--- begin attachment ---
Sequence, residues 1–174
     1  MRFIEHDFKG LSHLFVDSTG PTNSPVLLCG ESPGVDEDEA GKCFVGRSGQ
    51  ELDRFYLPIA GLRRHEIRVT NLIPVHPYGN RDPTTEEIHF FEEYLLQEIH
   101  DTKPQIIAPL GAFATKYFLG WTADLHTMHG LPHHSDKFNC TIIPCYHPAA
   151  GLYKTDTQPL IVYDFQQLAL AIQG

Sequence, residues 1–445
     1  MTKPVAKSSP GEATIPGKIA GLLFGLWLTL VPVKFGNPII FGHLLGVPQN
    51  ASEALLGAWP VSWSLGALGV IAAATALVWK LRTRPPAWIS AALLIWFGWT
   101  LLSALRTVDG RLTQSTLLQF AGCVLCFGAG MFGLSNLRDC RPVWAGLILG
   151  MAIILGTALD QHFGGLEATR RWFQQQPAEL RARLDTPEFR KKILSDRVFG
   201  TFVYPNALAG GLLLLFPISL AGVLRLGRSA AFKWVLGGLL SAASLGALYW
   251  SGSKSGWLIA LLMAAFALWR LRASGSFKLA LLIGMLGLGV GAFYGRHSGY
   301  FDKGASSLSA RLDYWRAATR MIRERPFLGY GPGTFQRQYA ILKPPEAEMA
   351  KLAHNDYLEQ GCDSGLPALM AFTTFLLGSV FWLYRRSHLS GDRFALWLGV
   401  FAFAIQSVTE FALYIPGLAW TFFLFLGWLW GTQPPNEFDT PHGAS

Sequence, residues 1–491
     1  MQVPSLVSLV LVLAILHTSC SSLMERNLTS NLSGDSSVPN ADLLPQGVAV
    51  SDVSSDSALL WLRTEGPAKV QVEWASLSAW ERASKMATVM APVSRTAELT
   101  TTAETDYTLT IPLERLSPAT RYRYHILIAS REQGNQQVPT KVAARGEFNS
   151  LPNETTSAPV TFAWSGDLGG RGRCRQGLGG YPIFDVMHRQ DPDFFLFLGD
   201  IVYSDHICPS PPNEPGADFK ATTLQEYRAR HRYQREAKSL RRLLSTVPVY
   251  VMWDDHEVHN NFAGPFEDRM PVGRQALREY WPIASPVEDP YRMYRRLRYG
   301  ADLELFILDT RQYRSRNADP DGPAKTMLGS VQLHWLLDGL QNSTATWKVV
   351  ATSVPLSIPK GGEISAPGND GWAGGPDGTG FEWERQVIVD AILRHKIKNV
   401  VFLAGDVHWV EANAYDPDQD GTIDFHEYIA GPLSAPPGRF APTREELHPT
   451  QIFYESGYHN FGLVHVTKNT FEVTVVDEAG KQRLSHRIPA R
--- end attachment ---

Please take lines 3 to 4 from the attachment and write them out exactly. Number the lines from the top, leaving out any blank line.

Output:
    51  ELDRFYLPIA GLRRHEIRVT NLIPVHPYGN RDPTTEEIHF FEEYLLQEIH
   101  DTKPQIIAPL GAFATKYFLG WTADLHTMHG LPHHSDKFNC TIIPCYHPAA